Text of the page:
IAAF President Seb Coe has denied allegations of having knowledge of Russian doping before it was revealed to the public.
LONDON (AP) The IAAF dismissed allegations Thursday that Sebastian Coe was aware of details of a Russian doping corruption case four months before it became public, or that he enlisted support for his presidential campaign from a key figure in the sport's current doping scandal.
The BBC's Panorama program and the Daily Mail reported the allegations against Coe, who is now IAAF president, a day before he chairs a meeting in Vienna to decide whether to uphold the ban on Russian track and field athletes.
The media reports said Coe received an email in August 2014 detailing allegations about Russian marathoner Liliya Shobukhova being extorted out of hundreds of thousands of dollars to have a positive doping test covered up so she could compete in the 2012 London Olympics.
Coe, who was a vice president of the IAAF at the time, received the email from London Marathon director Dave Bedford. The allegations became public four months later when they were aired in a documentary by German broadcaster ARD in December 2014.
The BBC and Daily Mail accused Coe of misleading a British parliamentary committee in December 2015 when he said ''we were not aware - I was certainly not aware - of the specific allegations that has been made around the corruption of anti-doping processes in Russia.''
The IAAF said in a statement that Coe did receive an email from Bedford that included attachments related to an issue being investigated by the ethics commission.
''This was enough for Seb Coe to forward the email to the ethics commission,'' the statement said. ''He did not feel it was necessary to read the attachments. You may think this shows a lack of curiosity. He, and we, would argue that it shows a full duty of care. Ensuring the right people in the right place were aware of allegations and were investigating them.''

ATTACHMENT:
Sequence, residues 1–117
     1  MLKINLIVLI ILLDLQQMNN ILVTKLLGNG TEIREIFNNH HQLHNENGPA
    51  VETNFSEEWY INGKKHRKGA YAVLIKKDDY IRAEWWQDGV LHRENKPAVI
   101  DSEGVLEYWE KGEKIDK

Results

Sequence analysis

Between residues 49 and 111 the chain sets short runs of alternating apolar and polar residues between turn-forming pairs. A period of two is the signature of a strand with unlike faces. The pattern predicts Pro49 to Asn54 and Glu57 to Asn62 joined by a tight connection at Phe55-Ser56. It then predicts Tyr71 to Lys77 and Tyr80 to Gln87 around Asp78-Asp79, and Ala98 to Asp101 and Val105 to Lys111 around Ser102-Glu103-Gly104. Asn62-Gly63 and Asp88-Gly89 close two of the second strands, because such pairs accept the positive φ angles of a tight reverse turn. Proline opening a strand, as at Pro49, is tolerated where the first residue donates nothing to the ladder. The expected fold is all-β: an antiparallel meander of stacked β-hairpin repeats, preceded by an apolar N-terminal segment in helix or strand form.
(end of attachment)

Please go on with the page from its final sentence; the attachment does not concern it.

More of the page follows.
''Seb has never denied hearing rumors about corruption,'' the IAAF added. ''In fact he has said on many occasions that when alerted to rumors he asked people to pass them on to the ethics commission to be investigated.''
The BBC and Daily Mail also alleged that Coe won the IAAF presidency with the help of Papa Massata Diack, son of disgraced former IAAF President Lamine Diack. The elder Diack is being investigated by French prosecutors on corruption charges linked to cover-ups of Russian doping cases. His son, who worked as an IAAF marketing consultant, is also wanted in connection with the allegations.
The media outlets obtained text messages allegedly showing how Papa Massata Diack helped secure African votes for Coe, who defeated Ukraine's Sergei Bubka 115-92 in last year's election.
The younger Diack said he met Coe three times during the campaign.
''If he had not the blessing of Lamine Diack or my support, he would have never been elected as the IAAF president,'' he told the BBC. ''He knows that.''
The IAAF dismissed Diack's claims.
''The suggestion that Seb Coe was actively seeking Papa Massata Diack's advice about his campaign is wrong,'' the statement said. ''As with any campaign, lots of people offer advice - wanted or not, some helpful, some not. You try to be civil but wary.''
''This was the case with Mr. Diack,'' the IAAF said. ''He sent messages of support while at the same time supporting other candidates and accusing Seb Coe of leading a British media campaign against both him and his father.''